Using an electronic device counteracts benefits of taking a break in nature, researchers find
Being in nature helps restore your brain's ability to focus attention on a task. But if you are checking social media on your phone or answering emails on your laptop – even if you are doing so while surrounded by trees – your brain is not getting the benefits that nature offers.
"The space conveys no benefits if your head is in your device," said William Sullivan, a professor and the head of the University of Illinois landscape architecture department.
Sullivan and two colleagues – Bin Jiang, a landscape architecture professor at The University of Hong Kong, and Rose Schmillen, a former Illinois graduate student who now practices in Nashville – studied how the use of portable electronic devices affects the restoration of your brain's attention capacity while in green spaces. They found that using a device substantially counteracts the restoration effect of nature. Their findings were published in the journal Environment and Behavior.
"Paying attention is necessary for every single thing we care about accomplishing: planning, carrying out plans, evaluating, learning, problem-solving and social relationships," Sullivan said.
When you pay attention to a task, your brain filters out competing stimuli from the world around you and the thoughts inside your head and allows you to focus on the task. But that capacity to pay attention fatigues, particularly when we are constantly connected to the world through digital technology that demands our attention.
"After a while, it's really hard to focus and pay attention," Sullivan said.
Studies by Sullivan and other researchers have demonstrated a concept called Attention Restoration Theory, which predicts that being in a natural setting helps you recover from mental fatigue. According to the theory, natural settings or scenes such as waterfalls, campfires or puppies hold a person's attention effortlessly and help restore the brain's capacity to pay attention.
Sullivan and his colleagues wondered if such settings were still restorative if a person was using a laptop while in nature.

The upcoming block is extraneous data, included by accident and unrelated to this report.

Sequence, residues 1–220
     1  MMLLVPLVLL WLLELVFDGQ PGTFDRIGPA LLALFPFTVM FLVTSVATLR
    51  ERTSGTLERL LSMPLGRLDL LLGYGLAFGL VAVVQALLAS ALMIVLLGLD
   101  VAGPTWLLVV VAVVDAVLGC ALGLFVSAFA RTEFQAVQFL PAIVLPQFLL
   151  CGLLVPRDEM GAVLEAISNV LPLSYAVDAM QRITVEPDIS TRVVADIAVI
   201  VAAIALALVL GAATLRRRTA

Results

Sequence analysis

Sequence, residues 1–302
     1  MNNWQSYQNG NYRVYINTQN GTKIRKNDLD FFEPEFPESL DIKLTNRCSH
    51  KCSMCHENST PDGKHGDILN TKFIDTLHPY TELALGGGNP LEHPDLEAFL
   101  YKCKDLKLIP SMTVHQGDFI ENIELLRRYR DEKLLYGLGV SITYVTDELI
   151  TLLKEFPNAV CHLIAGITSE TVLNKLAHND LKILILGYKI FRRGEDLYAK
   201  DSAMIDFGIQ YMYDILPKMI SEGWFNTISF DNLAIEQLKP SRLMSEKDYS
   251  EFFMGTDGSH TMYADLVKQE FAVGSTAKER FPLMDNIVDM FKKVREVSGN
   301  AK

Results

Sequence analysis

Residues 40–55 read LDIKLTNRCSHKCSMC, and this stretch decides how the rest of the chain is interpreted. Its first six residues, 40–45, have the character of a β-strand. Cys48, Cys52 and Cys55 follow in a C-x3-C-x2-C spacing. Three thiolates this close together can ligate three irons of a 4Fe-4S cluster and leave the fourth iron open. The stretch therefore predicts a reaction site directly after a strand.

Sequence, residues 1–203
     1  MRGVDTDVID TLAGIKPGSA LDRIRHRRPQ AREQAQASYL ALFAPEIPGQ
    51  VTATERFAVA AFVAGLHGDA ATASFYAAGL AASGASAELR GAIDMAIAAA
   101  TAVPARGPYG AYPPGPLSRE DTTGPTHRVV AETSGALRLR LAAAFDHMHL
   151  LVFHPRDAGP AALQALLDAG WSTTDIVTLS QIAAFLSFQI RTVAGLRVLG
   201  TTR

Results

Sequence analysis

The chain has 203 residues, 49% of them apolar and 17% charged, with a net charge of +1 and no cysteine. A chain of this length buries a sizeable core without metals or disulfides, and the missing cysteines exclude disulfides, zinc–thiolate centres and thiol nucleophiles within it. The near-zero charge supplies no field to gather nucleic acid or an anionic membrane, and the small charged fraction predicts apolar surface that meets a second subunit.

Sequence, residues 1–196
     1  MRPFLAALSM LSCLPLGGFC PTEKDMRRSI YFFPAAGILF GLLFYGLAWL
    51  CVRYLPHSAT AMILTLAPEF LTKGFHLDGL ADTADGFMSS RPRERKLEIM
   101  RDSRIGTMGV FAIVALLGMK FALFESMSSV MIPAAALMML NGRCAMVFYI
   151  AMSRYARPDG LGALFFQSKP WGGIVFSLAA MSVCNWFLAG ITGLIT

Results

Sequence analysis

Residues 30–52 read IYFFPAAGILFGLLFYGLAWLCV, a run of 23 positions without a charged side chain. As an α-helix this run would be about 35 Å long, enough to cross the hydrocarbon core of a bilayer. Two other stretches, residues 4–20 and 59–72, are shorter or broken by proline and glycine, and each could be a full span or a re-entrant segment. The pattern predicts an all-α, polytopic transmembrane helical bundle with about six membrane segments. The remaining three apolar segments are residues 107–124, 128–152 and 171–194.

Their study randomly assigned 81 participants to four groups – those resting in a green setting with or without a laptop and those resting in a barren setting (with views of parking lots, walls or buildings) with or without a laptop. All of the settings had wireless internet access.
The participants took baseline attention tests, then performed 10 minutes of cognitive activities involving proofreading and subtraction. They took a second attention test, followed by a 15-minute break. During the break, those with laptops were told they could use them for leisure activities such as looking at social media, news sites, YouTube, blogs, online games, online shopping or email unrelated to work. They could not use the laptops for anything related to work.
After the break, the participants took another attention test. Only those who had rested in a green space without access to a laptop showed significant improvement in their scores on this final test. For those in the other groups, "a 15-minute break was the equivalent of no break at all," the researchers wrote.
"It is not enough to go to a green space. You have to put aside your electronic devices in that space," they wrote.
Sullivan said the findings could help designers and planners create settings that pull a person's attention away from electronic devices with elements such as moving water or areas that attract animals or butterflies.
"They can help people deal with the stress of the day and mental fatigue by creating landscapes that are hard not to look at," he said. "Designers need to think about what makes people put their phones down."
In their next study, Sullivan and his colleagues will look at how much time in nature is needed to restore the brain's capacity to pay attention.